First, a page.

To BPR3, or not to BPR3?

Within the geoblogosphere at least, the reaction to Casey Luskin of the Discovery Insitute’s unauthorized hijacking of the BPR3 icon (Mike has the full saga) has morphed into a much broader and more interesting debate: about the ResearchBlogging project itself, about how it fits into peoples’ ideas of science blogging , and even about what the term ‘science blogging’ actually means.


Maria kicked things off* when she found herself rather underwhelmed by the whole affair – and not just because ‘Discovery Institute tries to apply scientific gloss to religious biases’ is not exactly ‘Man bites dog.’

None of what I’m doing is incompatible with the goals of the BPR3 project, but the boosterism and the use of the icon I’ve seen has been so relentlessly serious that me and my light tone find it difficult to identify as a member of the tribe.

It’s hard to know at this early stage how the aggregation system will evolve, but my attitude towards the project is a little more positive: at the very least, the fact that the system generates a proper citation, with a doi if possible, gives it one up on the press-release factories such as EurekaAlert. Also, since blogging of this sort is quite often in reponse to bad media coverage of a new paper, having a single port of call where the interested layperson can go to find the responses of actual experts to the latest claims to have disproven gravity or found the God/immortality/Brad Pitt gene has huge outreach potential.**
That said, I can see what Maria is driving at: namely that there is a risk that blog entries sporting the magic icon start to be perceived (by authors and audiences) as somehow ‘better’ than entries that do not. I’ve certainly interacted with some people who feel that science blogging should be all about serious discussions of serious research, and would buy into this perception quite heavily. But as Brian pointed out (echoing Julia’s comments a few months ago), the phrase ‘science blogger’ covers a multitude of diverse styles, topics and attitudes.

it seems to me there are two kinds of science-related blogs:
(1) blogs about science
(2) blogs by scientists
These types are fluid. That is, one blog can exhibit traits of either type from post to post. Some blogs switch back and forth a lot, some stick to one type or the other most of the time.

I’d say that there is quite a complex taxonomy within this broad division. There’s blogging about the results of science, the process of science, about the experience of being a scientist, about the interaction of science with politics and religion. You have scientist and non-scientist science bloggers, writing for the general public, other scientists, or a particular social group. I believe that this variety, in itself, has an intrinsic value – rather than the public seeing some sort of monolithic edifice of Science, they see the diverse, smart and ever-argumentative group of people that we actually are. In many ways, getting non-scientists to understand that is at least as important as getting them to understand our research – you could even say that the former is a necessary condition if the latter is to even have a hope of succeeding.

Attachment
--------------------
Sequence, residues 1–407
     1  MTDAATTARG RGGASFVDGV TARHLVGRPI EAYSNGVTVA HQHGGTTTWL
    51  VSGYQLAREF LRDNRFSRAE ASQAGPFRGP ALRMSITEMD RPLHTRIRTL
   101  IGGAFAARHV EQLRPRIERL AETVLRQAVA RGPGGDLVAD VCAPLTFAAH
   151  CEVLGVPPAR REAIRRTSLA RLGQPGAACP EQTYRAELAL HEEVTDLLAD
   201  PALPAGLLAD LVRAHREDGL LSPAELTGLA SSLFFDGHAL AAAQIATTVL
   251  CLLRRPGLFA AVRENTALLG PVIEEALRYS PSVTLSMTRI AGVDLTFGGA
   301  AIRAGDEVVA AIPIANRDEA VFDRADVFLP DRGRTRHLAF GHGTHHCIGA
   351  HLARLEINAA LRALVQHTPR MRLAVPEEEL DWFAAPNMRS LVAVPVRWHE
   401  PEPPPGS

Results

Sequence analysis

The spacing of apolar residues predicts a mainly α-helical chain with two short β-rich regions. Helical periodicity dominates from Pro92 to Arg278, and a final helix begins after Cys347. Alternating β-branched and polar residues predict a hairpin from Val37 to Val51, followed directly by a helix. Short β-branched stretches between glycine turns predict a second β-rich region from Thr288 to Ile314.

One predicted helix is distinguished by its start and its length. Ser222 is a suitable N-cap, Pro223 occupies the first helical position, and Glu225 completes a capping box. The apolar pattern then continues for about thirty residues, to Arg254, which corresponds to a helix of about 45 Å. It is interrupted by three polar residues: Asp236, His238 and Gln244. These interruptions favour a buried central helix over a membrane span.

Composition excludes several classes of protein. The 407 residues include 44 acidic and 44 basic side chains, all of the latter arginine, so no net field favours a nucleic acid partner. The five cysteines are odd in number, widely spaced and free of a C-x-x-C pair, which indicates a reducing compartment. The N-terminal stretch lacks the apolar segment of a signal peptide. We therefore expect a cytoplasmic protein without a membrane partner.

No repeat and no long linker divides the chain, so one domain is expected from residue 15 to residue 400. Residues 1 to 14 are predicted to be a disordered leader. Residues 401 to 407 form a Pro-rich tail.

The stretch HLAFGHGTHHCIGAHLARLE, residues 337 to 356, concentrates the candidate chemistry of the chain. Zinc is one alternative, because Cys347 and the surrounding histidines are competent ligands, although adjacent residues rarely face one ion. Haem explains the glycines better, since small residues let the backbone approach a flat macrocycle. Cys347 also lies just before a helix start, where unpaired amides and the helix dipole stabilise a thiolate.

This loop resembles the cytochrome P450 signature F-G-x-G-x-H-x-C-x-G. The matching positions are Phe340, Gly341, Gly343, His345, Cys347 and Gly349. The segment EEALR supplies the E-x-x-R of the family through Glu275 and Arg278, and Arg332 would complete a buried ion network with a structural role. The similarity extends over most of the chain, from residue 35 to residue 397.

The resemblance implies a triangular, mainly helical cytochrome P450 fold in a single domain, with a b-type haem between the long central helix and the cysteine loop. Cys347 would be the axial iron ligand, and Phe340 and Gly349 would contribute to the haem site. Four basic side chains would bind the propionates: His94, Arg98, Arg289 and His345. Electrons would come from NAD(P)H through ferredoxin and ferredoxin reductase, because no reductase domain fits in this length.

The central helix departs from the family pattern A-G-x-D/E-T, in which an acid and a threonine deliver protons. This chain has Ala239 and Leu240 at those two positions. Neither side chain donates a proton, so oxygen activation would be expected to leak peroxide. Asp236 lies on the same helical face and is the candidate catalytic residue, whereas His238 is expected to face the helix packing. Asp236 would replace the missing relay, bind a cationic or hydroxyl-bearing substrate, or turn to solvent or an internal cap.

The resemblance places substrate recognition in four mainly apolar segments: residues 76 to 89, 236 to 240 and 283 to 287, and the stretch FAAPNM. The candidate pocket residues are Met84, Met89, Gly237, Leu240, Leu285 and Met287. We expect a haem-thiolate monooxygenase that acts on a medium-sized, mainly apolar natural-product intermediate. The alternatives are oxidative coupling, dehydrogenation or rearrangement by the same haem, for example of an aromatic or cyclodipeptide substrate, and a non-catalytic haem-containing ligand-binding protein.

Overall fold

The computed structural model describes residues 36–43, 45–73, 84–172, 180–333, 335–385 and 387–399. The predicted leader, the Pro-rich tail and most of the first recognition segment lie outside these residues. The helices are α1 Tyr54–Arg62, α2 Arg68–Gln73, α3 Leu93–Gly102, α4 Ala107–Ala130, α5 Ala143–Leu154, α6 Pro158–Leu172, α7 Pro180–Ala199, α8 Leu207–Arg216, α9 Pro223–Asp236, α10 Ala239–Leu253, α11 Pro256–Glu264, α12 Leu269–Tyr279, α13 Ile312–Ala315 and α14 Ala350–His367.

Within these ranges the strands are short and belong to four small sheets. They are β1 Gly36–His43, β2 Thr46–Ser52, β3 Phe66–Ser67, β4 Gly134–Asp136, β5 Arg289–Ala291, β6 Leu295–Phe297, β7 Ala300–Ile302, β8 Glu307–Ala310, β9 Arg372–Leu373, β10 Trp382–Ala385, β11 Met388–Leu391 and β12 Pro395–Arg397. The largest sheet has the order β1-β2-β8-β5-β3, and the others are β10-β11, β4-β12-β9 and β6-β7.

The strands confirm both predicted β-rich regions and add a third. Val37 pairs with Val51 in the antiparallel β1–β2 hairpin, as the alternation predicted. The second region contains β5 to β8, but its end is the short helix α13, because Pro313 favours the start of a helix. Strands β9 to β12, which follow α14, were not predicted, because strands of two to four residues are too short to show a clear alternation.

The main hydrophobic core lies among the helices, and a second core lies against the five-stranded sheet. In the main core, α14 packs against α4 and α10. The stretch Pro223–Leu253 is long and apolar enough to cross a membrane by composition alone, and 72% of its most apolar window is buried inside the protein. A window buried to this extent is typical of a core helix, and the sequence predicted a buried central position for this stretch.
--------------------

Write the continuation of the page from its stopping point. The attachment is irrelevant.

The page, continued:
Furthermore, you can write about science without writing about the peer reviewed literature. Since I got back from my Christmas break, I’ve used the ResearchBlogging item with one post. Is that the only post I’ve written in that time with juicy geological content? I’d like to think not. When you’re writing about basic science, references to the peer-reviewed literature are sometimes neither necessary nor appropriate.
I think it is probably a truism that we all blog because we find it rewarding to do so. However, our aims and approaches are almost certainly all quite different, and it is important to recognise that this a good thing. All these different angles and ideas are complementary to each other; no single approach is going to successfully engage or interest everyone, so we shouldn’t start creating some sort of hierarchy where certain forms are considered to be ‘proper’ science blogging, and others aren’t.
For myself, when I find myself discussing a particular paper in detail, I’ll probably submit my post to the ResearchBlogging aggregator. I also hope that it will grow to be a valuable internet resource. But I’m not going to go out of my way to blog about peer-reviewed research just so that I can use the icon, or pretend that using it will impart any particular legitimacy on my blogging. That comes from actually writing stuff that people are interested in reading, just like scientific legitimacy does not come from having a peer-reviewed paper to your name, but from that paper actually influencing other scientists’ own ideas and research. It seems that whatever the medium, the Discovery Institute makes the same mistakes. Hopefully, we all have too much sense to follow in their wake.
* Not typing ‘Yami’ still feels weird. Darned real names.
** It will be especially interesting to see whether the bloggers who use the system will closely follow the “embargo-release-huge bruhaha-rubbish bin” model of science reporting in the mainstream media, or whether we’ll start seeing discussions of older papers, or updates on how last year’s alleged blockbusters have stood the test of time, as well.

Categories: bloggery, general science, public science

Comments (7)

  1. chezjake says:

    I like your thinking on this, Chris. I’ve certainly been learning a lot from your blog, and I appreciate the diverse approach.
    It will be especially interesting to see whether the bloggers who use the system will closely follow the “embargo-release-huge bruhaha-rubbish bin” model of science reporting in the mainstream media, or whether we’ll start seeing discussions of older papers, or updates on how last year’s alleged blockbusters have stood the test of time, as well.
    I, for one, would definitely appreciate seeing some blogging on older papers, especially ones that scientists see as landmark papers in their fields.